Financing in Denver>Question Details

Cableman, Both Buyer and Seller in Winston Salem, NC

Can my sellers agent sign on my behalf at closing on a FHA loan?

Asked by Cableman, Winston Salem, NC Thu Jan 19, 2012

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Considering that express mail, fax, and e-mail are available you could sign them on your own behalf.
Web Reference: http://www.321property.com
1 vote Thank Flag Link Thu Jan 19, 2012
I don't believe that FHA will accept that, even with a Power of Attorney. Your lender will know the answer to that question and is probably the best person to ask. In any event, it is not a good idea for you to have your agent sign. You should give a Power of Attorney to a trusted, disinterested party. You may want to discuss this with your real estate attorney.
1 vote Thank Flag Link Thu Jan 19, 2012
Hello Cableman:
Agree there is some confusion regarding the wording of your question. You don't have to be present for a closing in a different state. The suggestion to use a power of attorney is a good one. But, whether you sign the document and return it (via FedEx) or whether you let someone else armed with a power of attorney to sign on your behalf, make absolutely sure you have a copy of everything (and compare with the actual signed documents).

Best,
SuZ
PML of Longmont, CO
720 810 0683
bouldersuz@gmail.com
0 votes Thank Flag Link Tue Jan 24, 2012
HI Cableman:

I'm a little confused about your question. Concerns about "interested parties aside," a "seller's agent" should never be allowed to sign anything for the buyer because the seller's agent is not acting with the best interests of the buyer in mind. In Colorado, for example, the best you could hope for is that the licensee is a "transaction broker," which means he/she is favoring neither side.

So I may be picking nits here (for which I apologize), and you probably meant to say "buyer's agent." Even in this case, I would agree with the others that using any agent to sign for you is a bad idea and probably would not be accepted by a lender. However, you should know that there are a number of options if you cannot attend a closing. There are others to whom you can grant a power of attorney. Also you can handle the transaction through several electronic avenues –– the easiest probably being one of the services that let you sign documents online. Finally, closings do not have to occur with all parties at the same place at the same time. You execute your part of the deal in one place while the other side executes its part elsewhere. Or, the parties can simply come to the same closing company at different times. Hopefully, one of these options works for you. Check with your agent and the closing company to learn what is possible in your area.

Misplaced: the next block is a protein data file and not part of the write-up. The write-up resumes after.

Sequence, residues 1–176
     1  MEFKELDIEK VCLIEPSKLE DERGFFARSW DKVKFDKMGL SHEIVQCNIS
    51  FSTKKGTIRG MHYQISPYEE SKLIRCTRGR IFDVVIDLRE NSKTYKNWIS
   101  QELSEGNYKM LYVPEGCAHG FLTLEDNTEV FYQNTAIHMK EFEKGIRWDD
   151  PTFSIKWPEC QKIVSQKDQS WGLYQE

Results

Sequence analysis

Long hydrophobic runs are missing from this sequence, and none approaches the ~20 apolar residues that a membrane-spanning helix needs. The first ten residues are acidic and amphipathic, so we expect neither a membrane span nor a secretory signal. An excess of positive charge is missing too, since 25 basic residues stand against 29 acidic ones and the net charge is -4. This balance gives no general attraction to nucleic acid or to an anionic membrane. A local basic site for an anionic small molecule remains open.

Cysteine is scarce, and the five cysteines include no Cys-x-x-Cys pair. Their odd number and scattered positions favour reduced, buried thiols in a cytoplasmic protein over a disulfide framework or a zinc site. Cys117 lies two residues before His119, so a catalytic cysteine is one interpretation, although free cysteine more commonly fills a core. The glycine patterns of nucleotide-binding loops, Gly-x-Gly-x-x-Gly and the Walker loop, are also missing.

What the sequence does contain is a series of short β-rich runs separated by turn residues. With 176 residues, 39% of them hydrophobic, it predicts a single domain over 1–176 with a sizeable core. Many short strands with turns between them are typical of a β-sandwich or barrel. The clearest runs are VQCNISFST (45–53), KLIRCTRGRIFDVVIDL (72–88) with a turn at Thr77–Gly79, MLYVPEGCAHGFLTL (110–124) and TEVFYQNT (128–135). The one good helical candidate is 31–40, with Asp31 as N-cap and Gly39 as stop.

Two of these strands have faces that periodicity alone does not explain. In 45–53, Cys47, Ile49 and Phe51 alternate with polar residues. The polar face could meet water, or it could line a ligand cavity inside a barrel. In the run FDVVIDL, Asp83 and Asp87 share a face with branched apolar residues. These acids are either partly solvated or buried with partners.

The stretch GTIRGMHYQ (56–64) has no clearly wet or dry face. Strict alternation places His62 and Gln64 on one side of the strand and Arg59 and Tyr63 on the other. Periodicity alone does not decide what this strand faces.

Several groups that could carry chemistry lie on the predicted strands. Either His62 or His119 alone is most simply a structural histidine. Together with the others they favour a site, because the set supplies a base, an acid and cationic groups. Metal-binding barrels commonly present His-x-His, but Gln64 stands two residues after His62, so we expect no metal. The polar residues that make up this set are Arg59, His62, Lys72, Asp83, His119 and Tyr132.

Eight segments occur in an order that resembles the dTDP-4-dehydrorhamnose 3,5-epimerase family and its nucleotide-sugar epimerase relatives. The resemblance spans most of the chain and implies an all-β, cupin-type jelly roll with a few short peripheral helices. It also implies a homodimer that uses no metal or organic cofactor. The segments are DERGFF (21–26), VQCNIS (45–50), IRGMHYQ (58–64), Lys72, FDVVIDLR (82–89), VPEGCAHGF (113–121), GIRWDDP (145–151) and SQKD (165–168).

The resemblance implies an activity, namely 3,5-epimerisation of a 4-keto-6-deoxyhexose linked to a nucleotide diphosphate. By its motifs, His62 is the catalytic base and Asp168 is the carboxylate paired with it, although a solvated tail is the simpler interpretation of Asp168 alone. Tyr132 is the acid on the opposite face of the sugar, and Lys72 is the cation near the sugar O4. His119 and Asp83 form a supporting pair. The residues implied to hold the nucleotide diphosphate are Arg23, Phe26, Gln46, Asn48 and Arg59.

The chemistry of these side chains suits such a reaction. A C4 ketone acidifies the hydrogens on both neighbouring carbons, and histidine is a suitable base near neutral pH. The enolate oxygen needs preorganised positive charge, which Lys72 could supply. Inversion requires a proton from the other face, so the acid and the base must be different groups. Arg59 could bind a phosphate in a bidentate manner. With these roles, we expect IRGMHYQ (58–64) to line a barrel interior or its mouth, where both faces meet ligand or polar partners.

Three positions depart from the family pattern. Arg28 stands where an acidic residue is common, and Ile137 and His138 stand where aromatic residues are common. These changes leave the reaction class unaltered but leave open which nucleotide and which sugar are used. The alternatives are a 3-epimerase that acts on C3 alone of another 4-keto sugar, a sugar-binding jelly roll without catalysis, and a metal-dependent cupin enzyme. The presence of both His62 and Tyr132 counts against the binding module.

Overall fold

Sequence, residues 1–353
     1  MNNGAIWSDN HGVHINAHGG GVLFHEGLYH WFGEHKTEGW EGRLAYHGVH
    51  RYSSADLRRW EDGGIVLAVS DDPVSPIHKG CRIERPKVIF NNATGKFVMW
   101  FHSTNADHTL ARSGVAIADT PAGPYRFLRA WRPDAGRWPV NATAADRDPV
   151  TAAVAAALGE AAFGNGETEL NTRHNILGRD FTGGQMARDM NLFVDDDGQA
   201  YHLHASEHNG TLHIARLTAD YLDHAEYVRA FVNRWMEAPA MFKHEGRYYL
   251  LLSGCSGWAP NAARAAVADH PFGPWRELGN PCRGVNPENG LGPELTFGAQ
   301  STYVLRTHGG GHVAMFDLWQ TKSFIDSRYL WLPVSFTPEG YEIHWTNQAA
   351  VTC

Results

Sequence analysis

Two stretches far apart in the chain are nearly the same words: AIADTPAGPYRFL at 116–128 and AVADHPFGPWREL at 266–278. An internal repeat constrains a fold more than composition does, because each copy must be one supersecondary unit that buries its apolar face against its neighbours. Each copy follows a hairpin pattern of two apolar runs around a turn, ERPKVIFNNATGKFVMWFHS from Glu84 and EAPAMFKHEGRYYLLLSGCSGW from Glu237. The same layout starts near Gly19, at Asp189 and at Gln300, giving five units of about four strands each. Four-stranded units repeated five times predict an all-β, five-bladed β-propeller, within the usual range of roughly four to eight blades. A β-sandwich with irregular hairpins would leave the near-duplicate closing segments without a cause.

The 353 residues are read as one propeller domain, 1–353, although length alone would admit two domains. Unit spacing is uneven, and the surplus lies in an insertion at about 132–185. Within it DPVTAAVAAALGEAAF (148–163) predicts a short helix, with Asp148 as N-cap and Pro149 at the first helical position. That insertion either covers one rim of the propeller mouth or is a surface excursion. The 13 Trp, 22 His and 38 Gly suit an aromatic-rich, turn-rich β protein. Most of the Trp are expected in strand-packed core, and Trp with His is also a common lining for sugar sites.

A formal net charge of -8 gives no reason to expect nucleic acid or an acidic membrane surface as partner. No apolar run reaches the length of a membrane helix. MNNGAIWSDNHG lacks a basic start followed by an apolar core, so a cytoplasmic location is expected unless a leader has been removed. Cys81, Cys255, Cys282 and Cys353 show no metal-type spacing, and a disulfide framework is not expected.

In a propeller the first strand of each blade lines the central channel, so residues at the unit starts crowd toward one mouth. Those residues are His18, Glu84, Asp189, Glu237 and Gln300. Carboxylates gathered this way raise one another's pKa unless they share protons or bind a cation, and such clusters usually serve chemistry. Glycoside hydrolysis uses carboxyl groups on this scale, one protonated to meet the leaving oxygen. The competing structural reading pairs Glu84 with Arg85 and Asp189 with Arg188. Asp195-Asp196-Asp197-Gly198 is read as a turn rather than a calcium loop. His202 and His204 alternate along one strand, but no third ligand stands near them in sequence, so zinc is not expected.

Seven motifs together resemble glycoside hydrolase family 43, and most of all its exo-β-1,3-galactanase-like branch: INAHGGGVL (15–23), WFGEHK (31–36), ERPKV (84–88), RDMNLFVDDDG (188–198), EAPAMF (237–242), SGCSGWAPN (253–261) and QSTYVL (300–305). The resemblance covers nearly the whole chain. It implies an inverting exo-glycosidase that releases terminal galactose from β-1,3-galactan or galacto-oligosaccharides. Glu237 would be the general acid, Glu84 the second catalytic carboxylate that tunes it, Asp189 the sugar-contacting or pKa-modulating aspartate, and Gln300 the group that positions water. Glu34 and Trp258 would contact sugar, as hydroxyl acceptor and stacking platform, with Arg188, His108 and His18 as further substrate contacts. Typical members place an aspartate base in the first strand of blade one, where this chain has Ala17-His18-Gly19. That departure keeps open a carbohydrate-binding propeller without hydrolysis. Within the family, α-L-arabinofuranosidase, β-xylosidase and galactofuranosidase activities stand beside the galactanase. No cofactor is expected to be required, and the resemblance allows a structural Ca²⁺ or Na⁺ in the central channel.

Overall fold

Kind regards,
Ron Rovtar
Prudential Real Estate of the Rockies
Days: 303.981.1617
Evenings: 303.473.1926
ron@rovtar.com
http://www.rovtar.com
0 votes Thank Flag Link Tue Jan 24, 2012
Hi there! Any agent who is a part of the transaction is considered an interested party and cannot sign for the buyer. A Power of Attorney (POA) can be given to a non-interested party or co-borrower/ spouse on the loan. The lender and title company will both need to approve the POA.

Hope that helps!
Best,
Vickie Newman
Real Estate Mortgage Network
vnewman@remn.com
720.974.8400x1
0 votes Thank Flag Link Thu Jan 19, 2012
I do not think you should consider that an option for several reasons.
0 votes Thank Flag Link Thu Jan 19, 2012
Cableman,

I agree with Heather below. Although your agent is your representative in this process, it is not a good idea for the agent to sign the papers at closing due to the particular liabilities involved. There is a power of attorney available that the title company can provide to do this, but I would not suggest it. Another trusted relative or friend could sign a power of attorney and sign for you, but again this is usually not necessary. The papers can be sent to you in advance of the closing by Fed-ex and signed and notarized at a locally assigned title company. This would be the best scenario if you are not possibly available for the day of closing. Again, if it is an FHA loan closing, I would have your agent contact the lender and the title company to find out the latest FHA guidelines on this just for the record. I hope this helps.

Robert McGuire ASR
Realtor/Consultant
Your Castle Real Estate
1776 S. Jackson St. #412
Denver CO 80210
Direct – 303-669-1246
0 votes Thank Flag Link Thu Jan 19, 2012
Ditto to Phil's answer. Suggest to the agent to always distance his/herself from signing for clients. Ed Quinn
Web Reference: http://www.EdQuinnSite.com
0 votes Thank Flag Link Thu Jan 19, 2012
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